Finally, the joint session of Parliament, meeting on Friday, took up the issue of resetting Pak-US ties and unanimously approved the revised 14-point recommendations of its committee on national security, favouring the resumption of supplies to Nato troops in Afghanistan, but on certain strict conditions. These recommendations provide the government the basis for negotiations with the US Administration. They include: an immediate cessation of drone strikes; not allowing the country or its airspace to be used for transportation of weapons into Afghanistan; an unconditional apology for the Salala attack; no overt or covert operation in Pakistan; no private security companies or operatives to be allowed in Pakistan; no establishment of bases by a foreign power on Pakistani soil; an end to verbal agreements with other countries; and the security of Pakistan’s nuclear assets not to be compromised. Presenting the revised recommendations before Parliament, Chairman Parliamentary Committee on National Security Senator Raza Rabbani said that the revision had the unanimous approval of parties, adding, “The relationship with the US should be based on mutual respect for each other’s sovereignty, independence and territorial integrity.”

It might appear a tall order since the US has so far been emphatic in saying that it would not stop the drone attacks because, in its view, they target those who could imperil peace of the US. However, any review of relations even with allies has to conform to the imperatives of national sovereignty and independence. A respectful acceptance of these conditions will satisfy that stipulation. Therefore, it was good to hear Prime Minister Yousuf Raza Gilani assure the parliamentarians that the revised recommendations would be fully implemented. “We are making history today. And (demonstrating) that we have the strength, the resolve and the ability to take critical decisions in the interest of the nation,” he observed. Not impressed by Mr Gilani’s assurance, and just after having signed onto the unanimous acceptance of the resolution, the leader of the opposition Chaudhry Nisar Ali Khan said it was “a half-done job and the move could only be called historic when it would be implemented.” In his statement lurked the apprehension that these recommendations might go the way the previous parliamentary resolutions went, “not a single clause” of whom had been implemented. JUI-F chief Maulana Fazlur Rehman, who ended his party’s noisy, but ultimately fruitless, boycott on the intercession of President Zardari, warned that if the government treated these recommendations the same way as the previous resolutions, it would be tantamount to sabotaging Parliament.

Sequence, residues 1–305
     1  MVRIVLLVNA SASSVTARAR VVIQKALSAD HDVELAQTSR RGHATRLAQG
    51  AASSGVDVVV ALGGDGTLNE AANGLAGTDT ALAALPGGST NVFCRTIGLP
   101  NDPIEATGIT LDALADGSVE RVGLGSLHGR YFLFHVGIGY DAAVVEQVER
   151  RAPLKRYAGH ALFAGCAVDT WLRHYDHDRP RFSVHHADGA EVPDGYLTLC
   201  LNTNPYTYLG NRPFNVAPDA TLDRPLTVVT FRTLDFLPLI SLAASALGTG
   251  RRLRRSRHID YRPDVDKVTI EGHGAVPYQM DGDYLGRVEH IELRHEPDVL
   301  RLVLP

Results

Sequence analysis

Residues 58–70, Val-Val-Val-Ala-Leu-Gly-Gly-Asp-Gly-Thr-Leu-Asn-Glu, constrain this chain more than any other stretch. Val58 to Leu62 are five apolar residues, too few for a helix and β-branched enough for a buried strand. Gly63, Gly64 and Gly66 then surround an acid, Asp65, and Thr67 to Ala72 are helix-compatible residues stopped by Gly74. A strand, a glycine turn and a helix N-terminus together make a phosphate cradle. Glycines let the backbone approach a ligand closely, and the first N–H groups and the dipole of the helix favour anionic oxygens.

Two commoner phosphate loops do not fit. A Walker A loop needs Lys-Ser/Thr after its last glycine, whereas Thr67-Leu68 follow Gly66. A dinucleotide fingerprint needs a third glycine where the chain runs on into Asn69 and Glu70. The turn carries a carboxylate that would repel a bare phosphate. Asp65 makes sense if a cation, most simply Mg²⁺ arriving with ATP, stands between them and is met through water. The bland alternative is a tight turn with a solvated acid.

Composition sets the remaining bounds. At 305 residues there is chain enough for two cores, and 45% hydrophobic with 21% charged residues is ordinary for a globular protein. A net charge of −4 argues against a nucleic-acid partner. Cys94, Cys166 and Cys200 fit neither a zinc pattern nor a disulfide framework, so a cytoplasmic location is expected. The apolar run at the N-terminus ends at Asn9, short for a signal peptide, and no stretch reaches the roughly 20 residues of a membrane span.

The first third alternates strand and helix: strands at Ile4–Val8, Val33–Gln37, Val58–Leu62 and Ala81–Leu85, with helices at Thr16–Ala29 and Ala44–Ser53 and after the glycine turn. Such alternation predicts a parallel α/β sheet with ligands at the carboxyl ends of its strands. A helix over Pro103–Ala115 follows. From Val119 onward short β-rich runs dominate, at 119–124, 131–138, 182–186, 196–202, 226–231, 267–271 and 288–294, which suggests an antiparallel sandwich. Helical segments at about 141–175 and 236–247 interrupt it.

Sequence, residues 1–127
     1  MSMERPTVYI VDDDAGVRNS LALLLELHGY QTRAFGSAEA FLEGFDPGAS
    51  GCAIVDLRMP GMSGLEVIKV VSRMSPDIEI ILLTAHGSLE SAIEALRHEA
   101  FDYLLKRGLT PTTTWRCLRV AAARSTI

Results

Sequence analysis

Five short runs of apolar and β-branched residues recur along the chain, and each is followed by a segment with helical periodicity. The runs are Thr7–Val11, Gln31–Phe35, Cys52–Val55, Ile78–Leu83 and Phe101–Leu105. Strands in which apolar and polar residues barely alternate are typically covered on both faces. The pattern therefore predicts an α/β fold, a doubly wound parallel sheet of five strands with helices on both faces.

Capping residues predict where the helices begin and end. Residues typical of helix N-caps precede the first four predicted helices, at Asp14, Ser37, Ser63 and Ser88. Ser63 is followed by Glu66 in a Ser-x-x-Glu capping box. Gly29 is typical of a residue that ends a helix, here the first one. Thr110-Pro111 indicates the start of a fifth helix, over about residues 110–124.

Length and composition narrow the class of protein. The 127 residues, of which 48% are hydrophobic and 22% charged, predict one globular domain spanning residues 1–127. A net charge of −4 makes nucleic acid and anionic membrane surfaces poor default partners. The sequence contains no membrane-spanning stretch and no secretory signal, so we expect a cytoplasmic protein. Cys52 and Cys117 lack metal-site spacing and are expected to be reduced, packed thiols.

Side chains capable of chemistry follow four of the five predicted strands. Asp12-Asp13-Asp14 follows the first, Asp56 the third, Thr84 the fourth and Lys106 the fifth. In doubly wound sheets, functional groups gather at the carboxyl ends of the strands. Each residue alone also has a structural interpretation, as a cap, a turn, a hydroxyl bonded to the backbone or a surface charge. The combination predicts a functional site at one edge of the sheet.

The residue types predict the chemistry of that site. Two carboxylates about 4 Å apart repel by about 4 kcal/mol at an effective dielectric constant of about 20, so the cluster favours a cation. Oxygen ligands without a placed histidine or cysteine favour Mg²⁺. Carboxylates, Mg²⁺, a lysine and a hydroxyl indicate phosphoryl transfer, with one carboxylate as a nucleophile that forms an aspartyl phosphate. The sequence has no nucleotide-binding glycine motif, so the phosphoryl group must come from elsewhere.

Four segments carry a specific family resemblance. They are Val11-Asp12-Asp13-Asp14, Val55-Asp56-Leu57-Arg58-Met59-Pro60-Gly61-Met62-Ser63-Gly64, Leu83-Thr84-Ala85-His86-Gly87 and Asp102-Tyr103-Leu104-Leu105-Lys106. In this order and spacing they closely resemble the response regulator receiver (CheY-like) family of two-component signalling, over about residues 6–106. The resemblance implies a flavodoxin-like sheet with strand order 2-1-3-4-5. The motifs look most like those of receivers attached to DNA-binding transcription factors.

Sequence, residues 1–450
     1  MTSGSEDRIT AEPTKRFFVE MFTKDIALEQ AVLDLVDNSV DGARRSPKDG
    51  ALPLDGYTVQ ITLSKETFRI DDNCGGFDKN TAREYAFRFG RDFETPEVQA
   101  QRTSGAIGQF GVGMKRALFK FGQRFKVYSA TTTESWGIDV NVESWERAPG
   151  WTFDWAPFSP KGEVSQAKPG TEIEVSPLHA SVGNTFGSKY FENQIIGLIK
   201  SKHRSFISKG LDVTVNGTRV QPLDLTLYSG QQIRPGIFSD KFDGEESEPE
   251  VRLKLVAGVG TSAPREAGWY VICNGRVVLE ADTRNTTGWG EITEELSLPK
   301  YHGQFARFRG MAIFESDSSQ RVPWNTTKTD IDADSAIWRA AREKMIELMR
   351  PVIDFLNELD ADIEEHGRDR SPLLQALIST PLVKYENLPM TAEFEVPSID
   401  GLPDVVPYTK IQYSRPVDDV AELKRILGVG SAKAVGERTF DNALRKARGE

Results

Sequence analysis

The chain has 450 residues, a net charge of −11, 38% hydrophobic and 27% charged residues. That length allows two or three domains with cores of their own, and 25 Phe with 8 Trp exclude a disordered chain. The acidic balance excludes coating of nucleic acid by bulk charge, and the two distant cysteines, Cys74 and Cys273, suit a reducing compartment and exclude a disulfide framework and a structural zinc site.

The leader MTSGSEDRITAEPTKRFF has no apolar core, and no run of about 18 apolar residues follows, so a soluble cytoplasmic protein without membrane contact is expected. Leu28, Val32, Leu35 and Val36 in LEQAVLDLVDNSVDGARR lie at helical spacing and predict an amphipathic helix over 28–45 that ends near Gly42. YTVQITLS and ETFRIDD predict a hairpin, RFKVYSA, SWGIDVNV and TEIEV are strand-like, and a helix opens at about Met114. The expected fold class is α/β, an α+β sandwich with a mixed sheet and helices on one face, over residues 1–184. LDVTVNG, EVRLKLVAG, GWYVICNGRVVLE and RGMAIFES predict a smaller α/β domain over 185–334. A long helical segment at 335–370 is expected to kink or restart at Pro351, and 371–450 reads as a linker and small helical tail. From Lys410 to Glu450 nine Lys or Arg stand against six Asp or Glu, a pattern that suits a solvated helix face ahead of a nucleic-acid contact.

A sizeable number of people and religious groups in the country are opposed to the restoration of Nato supplies in any form at all, with threats to block their passage by physically intervening. Such threats must be legally and firmly dealt with and Parliament must exert itself to have these recommendations obeyed or risk being made a laughing stock of by the Americans, in front of its electorate in an election year.